What Defines An Orangery?


The concept of an Orangery originated in Italy but was later welcomed in Holland and quickly became a status symbol. The definition of an Orangery is an extension of your home that can be used in a typical way to a conservatory. However, there are notable differences between the two, as we will explore.  


Why Is An Orangery Called An Orangery?


As you might have guessed an orangery is called as such because in the 17th-19th century these rooms, found in the most fashionable and elite homes, were used for growing citrus fruits such as oranges. These types of extensions were quite rare and were able to protect the citrus trees from the worst of the elements. However, as citrus fruits became more easily available on the market there was no need for the expensive practice of growing your own. So, this trend quickly fell out of fashion, and the orangery became a room for exotic plants and shrubs instead.


Interestingly, the conservatory actually evolved from the design of an orangery and was suitable for a different purpose. Conservatories were typically designed to provide the highest level of light which is why they have glazed roofs.


What Is The Difference Between An Orangery And An Extension?


While the line between the two has blurred in recent years the most noticeable difference between the two is usually the roof. A conservatory will often have more than seventy-five per cent of its roof glazed. An orangery has significantly less. The walls may also differ as well. Fifty per cent of the wall area must be glazed for a structure to be considered a conservatory. The design of the roof will also be notably different for an Orangery. Usually, these buildings will have a flat perimeter roof and a roof lantern and the centre.


In contrast, conservatories have a centralised pitched roof and are built around a firm structure. The walls go straight up to the edge of the pitched roof and have no perimeter. Orangeries will also usually have a brick base.


Are Orangeries Warmer Than Conservatories?


The answer to this question actually relates to the difference in both design and structure. Both are typically mainly made of glass, and this means that orangeries and conservatories are cold in the winter and warm in the summer. Of course, since orangeries have more solid walls and structures such as the roof, they are likely to keep more heat trapped inside. As such, even through the winter months, they should be a little warmer than a typical conservatory. So, if you are debating between the two, this might just be enough to convince you an orangery is a right choice for your home.


Of course, there are lots of ways to make both a little warmer throughout the year. Thick curtains and blankets are a cheap choice that could be highly beneficial. Alternatively, you might want to think about adding underfloor heating to your plans. This might drive the cost up a little though, so let’s look at how the two types compare in terms of expense.


How Much Is A Conservatory Extension?


Conservatory extensions can vary dramatically in price. So, whereas it is possible to purchase a full conservatory for just £6000, you could pay as much as £30,000. It just depends on how large you want your conservatory to be as the average price is based on per square metre of space. The price may also be determined by the type of materials that you use. For instance, the glass will typically be cheaper than polycarbonate.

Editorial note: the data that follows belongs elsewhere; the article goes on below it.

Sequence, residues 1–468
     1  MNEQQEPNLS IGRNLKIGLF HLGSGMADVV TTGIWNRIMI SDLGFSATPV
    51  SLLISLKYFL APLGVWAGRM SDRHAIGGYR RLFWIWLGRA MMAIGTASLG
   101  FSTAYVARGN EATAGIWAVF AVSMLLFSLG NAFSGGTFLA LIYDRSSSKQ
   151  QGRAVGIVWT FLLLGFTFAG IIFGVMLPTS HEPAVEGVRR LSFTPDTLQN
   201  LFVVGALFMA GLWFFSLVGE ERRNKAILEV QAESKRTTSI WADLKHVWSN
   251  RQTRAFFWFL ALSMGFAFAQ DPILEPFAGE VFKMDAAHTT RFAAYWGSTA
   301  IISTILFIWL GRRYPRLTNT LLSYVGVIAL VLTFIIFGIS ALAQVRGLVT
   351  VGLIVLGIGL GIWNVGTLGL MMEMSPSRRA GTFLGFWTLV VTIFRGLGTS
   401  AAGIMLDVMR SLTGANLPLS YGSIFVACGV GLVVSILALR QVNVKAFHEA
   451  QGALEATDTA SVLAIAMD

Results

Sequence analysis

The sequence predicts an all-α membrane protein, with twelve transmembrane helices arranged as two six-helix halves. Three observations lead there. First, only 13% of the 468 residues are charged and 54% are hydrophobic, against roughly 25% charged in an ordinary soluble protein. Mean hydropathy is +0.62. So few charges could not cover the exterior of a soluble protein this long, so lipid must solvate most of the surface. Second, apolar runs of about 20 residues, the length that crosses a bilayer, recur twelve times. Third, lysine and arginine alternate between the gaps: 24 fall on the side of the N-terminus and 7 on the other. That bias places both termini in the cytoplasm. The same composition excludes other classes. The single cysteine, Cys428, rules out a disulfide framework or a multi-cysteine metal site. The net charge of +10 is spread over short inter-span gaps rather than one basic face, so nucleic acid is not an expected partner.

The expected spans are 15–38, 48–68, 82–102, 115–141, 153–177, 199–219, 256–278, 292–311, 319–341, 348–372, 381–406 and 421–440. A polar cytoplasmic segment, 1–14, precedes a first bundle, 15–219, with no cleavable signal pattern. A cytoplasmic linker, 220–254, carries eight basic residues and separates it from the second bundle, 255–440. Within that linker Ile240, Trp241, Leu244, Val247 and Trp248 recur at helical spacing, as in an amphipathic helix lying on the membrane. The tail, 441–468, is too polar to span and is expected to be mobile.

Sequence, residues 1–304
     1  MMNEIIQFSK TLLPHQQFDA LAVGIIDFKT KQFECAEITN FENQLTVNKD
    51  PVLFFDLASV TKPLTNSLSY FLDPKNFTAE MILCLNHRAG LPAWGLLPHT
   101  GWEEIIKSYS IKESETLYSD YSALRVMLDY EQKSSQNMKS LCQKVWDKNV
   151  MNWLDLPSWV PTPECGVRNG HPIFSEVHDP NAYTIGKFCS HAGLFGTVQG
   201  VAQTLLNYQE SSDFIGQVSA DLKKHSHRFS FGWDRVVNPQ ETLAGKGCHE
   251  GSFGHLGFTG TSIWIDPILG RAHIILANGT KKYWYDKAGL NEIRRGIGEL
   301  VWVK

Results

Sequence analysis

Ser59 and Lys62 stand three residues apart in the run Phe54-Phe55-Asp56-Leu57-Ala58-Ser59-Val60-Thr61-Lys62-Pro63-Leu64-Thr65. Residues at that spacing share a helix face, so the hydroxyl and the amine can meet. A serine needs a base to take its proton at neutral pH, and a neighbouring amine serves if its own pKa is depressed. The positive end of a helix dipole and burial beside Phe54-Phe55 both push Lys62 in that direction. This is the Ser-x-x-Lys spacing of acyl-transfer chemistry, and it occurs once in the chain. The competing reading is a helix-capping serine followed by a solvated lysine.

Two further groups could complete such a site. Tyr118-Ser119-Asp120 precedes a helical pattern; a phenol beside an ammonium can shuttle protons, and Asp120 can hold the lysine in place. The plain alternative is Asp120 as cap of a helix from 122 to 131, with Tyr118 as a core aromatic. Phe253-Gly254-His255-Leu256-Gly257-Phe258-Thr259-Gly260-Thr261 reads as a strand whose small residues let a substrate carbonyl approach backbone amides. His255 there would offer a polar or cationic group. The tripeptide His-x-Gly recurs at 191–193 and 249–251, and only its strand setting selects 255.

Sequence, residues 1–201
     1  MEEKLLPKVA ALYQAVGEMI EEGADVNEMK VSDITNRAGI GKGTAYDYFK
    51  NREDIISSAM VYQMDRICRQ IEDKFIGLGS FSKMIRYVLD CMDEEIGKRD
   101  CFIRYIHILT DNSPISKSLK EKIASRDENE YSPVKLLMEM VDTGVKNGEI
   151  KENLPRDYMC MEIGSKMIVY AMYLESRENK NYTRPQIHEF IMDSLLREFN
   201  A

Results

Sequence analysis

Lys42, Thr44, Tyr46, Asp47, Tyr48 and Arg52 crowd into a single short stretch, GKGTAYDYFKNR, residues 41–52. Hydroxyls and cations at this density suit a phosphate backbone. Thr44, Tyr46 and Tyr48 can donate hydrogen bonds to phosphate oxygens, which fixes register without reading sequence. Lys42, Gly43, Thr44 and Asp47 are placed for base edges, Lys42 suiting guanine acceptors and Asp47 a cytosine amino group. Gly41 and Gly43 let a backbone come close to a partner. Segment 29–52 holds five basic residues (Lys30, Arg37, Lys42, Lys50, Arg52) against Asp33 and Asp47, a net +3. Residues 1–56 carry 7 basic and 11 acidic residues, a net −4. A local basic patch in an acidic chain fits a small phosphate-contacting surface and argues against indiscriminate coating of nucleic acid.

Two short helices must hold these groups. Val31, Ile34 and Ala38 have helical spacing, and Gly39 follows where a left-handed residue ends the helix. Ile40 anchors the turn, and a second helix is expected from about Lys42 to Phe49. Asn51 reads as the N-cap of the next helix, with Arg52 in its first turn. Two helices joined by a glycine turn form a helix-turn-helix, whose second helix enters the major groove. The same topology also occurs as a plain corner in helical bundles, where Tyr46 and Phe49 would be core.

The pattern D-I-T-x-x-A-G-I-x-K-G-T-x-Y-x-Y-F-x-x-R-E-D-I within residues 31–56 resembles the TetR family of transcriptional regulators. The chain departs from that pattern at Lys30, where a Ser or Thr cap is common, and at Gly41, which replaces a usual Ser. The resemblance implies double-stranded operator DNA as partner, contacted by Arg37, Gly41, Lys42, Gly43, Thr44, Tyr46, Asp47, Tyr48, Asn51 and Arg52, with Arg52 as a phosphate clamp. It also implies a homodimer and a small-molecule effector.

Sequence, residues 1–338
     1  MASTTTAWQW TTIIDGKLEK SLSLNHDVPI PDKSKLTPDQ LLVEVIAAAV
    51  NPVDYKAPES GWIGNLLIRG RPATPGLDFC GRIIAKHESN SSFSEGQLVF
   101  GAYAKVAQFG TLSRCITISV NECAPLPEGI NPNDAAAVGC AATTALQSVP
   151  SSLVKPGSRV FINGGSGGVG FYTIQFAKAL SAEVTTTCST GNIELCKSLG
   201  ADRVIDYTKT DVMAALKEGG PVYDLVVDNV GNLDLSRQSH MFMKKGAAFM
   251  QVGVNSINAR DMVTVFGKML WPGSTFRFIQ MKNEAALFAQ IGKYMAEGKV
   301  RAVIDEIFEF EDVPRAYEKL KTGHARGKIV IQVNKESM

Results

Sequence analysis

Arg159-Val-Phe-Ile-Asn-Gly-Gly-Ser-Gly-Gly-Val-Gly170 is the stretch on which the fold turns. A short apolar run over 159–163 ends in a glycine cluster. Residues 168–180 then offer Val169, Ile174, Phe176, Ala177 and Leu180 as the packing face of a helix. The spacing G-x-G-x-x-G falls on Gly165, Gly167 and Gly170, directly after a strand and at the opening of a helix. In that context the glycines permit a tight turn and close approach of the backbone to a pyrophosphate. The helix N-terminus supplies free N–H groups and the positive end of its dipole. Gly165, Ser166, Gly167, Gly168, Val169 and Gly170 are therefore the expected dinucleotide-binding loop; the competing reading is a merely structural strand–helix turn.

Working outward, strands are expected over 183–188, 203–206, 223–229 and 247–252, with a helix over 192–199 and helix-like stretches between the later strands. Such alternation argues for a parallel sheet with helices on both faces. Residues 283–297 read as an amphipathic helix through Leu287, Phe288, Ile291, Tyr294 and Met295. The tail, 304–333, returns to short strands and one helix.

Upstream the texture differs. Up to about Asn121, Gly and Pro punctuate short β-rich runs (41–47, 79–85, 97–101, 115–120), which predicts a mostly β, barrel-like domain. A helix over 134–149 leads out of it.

Is An Orangery Cheaper Than An Extension?


Typically, you will find that building an orangery is significantly cheaper than a typical extension. If you work with the figure that you’ll be paying approximately £2000 per square meter than you can expect to pay around £18,000 for your new orangery. Meanwhile, a home extension could be close to twice as much as the cost for a typical home extension.


Do You Need Planning Permission For An Orangery?


You’ll be pleased to hear that typically neither an orangery or a conservatory require planning permission. However, this will depend on the type of build and the level of construction required. There are various requirements to adhere to. For instance, your house must have already been extended, and the new extension must be single storey. The materials you are using need to be similar to your home, and there can be no raised platforms such as a veranda. If your home is a new build, you may also find that planning permission is required. Size is an issue too, and you will need to make sure that the new structure is not more than half the width of the property and is not taller than your home.


If your conservatory or orangery does not meet these standards, you will need planning permission.


You might be wondering whether you need planning permission for a solid roof conservatory. In the past, a certain per cent of the roof for a conservatory needs to be translucent to avoid planning permission. Remember, planning permission is based on the aesthetic of the home. However, today, it is possible that you will not need planning permission for this type of conservatory as long as the standards are met.


Should I Choose A Conservatory Or Orangery?


So should you opt for the classic orangery or conservatory? Well, it depends on what you’re looking for. If a room or space purely for the summer months of the year is what you’re after, a conservatory could be the best option. They are also often cheaper to build because they don’t require as many solid structures and will have a lot of glazing. In contrast, an orangery will add more value to your home and be more useful throughout the year due to the high level of solid structures.


We hope you find this advice helpful when you are thinking about adding a new beautiful area to your home.


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